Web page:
For most movie fans, thriller and horror genres are pretty much the same. They offer thrills and chills, maybe a bit of squeamish screaming and likely plenty of gore. But the two film genres do have critical differences. Some of these are big and others so tiny, you won’t even notice it unless you look for it.

If you’re in the film business, maybe writing your own screenplay or even directing your own video or film, it’s a good idea to get yourself acquainted with these subtle yet important differences.

What’s in the Name?

One of the main differences between the two genres can be found in their names. A horror film wants to “horrify” audiences whereas a thriller film only seeks to “thrill.”

With horror, the focus is on scaring people. They generally know there is a big evil present and the audience act as voyeurs to how these big evil haunts, destroys, or even kills the victims in an inevitable way. Oftentimes the climax of a horror film is in the main confrontation, the escape or the survival of the protagonist from the evil presence. Think for instance of Michael Myers from Halloween. He is a big evil and the focus of the film is to scare audiences knowing that Michael is hunting his victims one by one.

With thriller films, the aim is to focus on solving a mystery that is unfolding. The audience is partially in the know or takes up the clueless victim in the entire story. There is often a chase of some kind which in turn generates tension, thrill, and suspense. Most of the time, the evil in the film remains unknown and will be revealed towards the climax.

Why the confusion?

These two genres are usually confused for each other because both contain elements that would fit in each other’s descriptions. For instance, thriller films sometimes embed a series of scary scenes in it. What’s more, the two can be structured similarly. Like the first half of the act, the protagonist can be unknown or presents itself to the protagonists. Then there’s a point where the protagonists barely escape the threat temporarily before they eventually have to face it in the final or third act.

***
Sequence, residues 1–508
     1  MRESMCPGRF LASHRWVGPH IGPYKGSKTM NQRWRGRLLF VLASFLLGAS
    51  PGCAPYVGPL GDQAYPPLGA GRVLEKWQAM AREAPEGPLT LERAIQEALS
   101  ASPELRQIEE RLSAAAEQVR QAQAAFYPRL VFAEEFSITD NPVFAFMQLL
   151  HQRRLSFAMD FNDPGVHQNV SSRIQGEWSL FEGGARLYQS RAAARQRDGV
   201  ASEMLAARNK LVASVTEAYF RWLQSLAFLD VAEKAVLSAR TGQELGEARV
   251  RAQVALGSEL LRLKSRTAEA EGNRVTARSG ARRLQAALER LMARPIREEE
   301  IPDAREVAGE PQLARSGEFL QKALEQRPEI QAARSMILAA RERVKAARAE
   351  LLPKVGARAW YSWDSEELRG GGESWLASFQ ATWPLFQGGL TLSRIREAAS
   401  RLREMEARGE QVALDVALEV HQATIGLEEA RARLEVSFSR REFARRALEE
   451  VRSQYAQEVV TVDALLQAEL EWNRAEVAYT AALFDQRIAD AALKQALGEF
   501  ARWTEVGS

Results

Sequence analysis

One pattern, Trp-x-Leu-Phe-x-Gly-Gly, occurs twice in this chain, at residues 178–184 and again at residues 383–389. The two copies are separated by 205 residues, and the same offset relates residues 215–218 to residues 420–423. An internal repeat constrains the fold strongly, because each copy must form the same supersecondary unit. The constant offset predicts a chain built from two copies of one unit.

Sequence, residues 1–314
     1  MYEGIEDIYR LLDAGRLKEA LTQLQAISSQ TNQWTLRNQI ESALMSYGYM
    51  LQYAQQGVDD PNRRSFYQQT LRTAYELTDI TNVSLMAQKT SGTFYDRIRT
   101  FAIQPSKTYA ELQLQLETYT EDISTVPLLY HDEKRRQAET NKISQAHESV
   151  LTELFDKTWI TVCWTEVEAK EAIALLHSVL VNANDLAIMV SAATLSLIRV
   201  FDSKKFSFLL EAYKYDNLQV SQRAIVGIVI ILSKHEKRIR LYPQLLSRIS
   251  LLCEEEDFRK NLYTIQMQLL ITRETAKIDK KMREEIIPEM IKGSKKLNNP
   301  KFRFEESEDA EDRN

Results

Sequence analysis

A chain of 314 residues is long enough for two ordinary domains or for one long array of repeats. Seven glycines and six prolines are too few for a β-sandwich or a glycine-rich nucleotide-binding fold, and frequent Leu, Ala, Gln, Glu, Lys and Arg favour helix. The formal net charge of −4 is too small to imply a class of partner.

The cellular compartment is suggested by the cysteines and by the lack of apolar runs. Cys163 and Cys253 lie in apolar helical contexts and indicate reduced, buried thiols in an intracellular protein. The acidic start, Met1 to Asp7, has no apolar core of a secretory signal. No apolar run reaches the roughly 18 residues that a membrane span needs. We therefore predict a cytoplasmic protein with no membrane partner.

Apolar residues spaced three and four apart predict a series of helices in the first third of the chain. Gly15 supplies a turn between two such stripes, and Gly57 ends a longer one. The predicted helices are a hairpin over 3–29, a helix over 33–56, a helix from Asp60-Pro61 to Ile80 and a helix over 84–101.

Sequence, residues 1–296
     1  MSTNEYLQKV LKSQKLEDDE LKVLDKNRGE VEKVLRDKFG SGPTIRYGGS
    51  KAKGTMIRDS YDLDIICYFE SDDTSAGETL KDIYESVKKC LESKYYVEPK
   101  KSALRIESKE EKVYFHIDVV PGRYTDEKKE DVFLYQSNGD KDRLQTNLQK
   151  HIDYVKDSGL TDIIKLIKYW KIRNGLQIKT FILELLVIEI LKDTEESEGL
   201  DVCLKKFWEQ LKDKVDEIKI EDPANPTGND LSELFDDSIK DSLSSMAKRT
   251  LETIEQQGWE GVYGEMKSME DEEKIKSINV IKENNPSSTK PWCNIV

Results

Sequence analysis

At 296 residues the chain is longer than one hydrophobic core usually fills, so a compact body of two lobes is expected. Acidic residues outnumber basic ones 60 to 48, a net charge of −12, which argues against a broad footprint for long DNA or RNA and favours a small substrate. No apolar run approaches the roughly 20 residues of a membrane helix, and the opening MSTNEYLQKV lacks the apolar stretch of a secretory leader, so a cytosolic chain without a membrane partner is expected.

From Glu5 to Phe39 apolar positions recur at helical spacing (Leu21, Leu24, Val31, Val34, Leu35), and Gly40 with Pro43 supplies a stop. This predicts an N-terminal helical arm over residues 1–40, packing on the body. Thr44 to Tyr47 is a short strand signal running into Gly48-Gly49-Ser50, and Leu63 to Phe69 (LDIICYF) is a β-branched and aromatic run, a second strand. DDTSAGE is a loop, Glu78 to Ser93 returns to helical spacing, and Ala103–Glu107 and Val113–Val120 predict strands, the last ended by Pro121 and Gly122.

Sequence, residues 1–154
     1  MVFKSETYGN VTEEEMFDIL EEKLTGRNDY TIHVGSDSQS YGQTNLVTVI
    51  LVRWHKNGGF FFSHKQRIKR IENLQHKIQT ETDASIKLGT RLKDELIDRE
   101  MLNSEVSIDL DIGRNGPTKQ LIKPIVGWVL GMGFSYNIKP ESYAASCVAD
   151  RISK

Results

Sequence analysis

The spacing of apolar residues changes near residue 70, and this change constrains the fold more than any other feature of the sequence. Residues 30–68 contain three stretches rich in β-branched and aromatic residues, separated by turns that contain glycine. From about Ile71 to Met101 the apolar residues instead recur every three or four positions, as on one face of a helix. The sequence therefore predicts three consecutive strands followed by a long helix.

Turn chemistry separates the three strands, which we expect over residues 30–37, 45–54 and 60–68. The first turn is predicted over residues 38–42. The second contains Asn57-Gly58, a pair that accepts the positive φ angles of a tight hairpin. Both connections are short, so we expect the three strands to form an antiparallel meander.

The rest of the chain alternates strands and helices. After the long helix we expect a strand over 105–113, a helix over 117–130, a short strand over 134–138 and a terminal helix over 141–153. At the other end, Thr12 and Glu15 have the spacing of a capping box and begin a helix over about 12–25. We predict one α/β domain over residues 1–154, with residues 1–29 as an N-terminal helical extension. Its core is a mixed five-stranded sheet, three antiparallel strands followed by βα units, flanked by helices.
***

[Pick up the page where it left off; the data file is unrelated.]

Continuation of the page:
On top of that, there are plenty of films that blur the lines between horror and thrillers. Some of these films include 10 Cloverfield Lane, Alfred Hitchcock’s The Birds and even The Shining. Kubrick’s film actually combines elements of supernatural horror with psychological thriller perfectly.

How to tell if you’re watching horror or a thriller?

There are key elements that each genre carries. In a thriller, it’s a big no-no for the audience to be able to predict what happens next. The uncertainty and suspense in the film are what it an actual thriller. On the other hand, in a horror film, certain predictability is sometimes required. When a group of young teens head off for a weekend of fun in a campground or an isolated area, you know that many of them won’t be able to live through it. It’s also almost necessary for viewers to know who the main evil is in a horror film beforehand. Otherwise, it won’t work.

Although the difference between horror and thriller may be subtle, they are important to know so you can apply the elements effectively on screen. If you’re a screenwriter or director, knowing the difference is almost a requirement. This will help you become a better storyteller since you can communicate your story to the audience the right way.

At New Dawn Films, horror and thriller films have a special place in our hearts. And we’re now campaigning to make our second full-length horror/thriller film – “An Angry Boy.”

Want to be a part of this new production? Find out how you can help make it a reality by heading to our Campaign Page.

For more scary stuff, you can also visit our Scary Mysteries Channel for the ultimate horror and thriller stories.